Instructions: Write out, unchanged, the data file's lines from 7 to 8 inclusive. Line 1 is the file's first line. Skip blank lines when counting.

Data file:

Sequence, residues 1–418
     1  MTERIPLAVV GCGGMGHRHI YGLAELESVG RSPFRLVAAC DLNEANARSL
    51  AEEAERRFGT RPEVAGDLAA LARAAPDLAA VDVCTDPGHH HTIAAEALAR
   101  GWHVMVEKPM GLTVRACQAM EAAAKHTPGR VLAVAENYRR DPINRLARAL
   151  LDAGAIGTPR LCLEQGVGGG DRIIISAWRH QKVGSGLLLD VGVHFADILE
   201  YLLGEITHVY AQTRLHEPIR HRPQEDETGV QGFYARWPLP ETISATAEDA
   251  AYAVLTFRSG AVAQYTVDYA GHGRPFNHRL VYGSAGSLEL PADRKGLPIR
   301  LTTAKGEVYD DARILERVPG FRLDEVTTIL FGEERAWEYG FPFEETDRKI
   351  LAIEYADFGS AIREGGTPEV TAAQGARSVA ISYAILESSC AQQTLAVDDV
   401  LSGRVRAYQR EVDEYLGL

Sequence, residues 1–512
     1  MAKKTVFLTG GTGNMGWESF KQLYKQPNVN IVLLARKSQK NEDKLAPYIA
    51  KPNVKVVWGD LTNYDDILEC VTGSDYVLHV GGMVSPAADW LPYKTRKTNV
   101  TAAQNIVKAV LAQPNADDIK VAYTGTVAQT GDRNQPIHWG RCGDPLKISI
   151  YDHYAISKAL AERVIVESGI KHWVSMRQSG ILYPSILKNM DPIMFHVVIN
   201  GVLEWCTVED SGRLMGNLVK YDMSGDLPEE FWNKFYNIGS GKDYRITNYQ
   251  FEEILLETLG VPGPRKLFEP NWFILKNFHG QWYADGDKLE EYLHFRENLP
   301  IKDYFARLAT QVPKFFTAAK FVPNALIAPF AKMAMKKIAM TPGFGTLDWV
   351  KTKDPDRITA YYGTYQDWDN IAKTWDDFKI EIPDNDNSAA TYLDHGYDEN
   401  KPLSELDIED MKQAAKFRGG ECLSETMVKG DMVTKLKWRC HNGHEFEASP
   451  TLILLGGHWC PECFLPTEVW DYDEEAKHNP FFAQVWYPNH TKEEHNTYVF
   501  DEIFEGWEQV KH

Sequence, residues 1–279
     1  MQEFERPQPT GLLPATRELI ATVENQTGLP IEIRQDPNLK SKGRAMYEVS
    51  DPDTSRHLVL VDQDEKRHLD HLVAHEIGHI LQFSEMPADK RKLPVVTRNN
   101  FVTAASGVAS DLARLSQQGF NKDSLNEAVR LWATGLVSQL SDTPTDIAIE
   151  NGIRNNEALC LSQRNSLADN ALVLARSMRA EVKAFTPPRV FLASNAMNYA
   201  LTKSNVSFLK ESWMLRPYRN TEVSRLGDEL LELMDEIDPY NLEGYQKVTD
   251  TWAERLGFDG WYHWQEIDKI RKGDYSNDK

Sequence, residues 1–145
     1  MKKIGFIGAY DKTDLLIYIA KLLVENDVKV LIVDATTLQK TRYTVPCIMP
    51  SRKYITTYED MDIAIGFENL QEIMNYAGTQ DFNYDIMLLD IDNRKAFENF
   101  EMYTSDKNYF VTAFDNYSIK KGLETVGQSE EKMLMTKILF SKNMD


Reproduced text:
   251  AYAVLTFRSG AVAQYTVDYA GHGRPFNHRL VYGSAGSLEL PADRKGLPIR
   301  LTTAKGEVYD DARILERVPG FRLDEVTTIL FGEERAWEYG FPFEETDRKI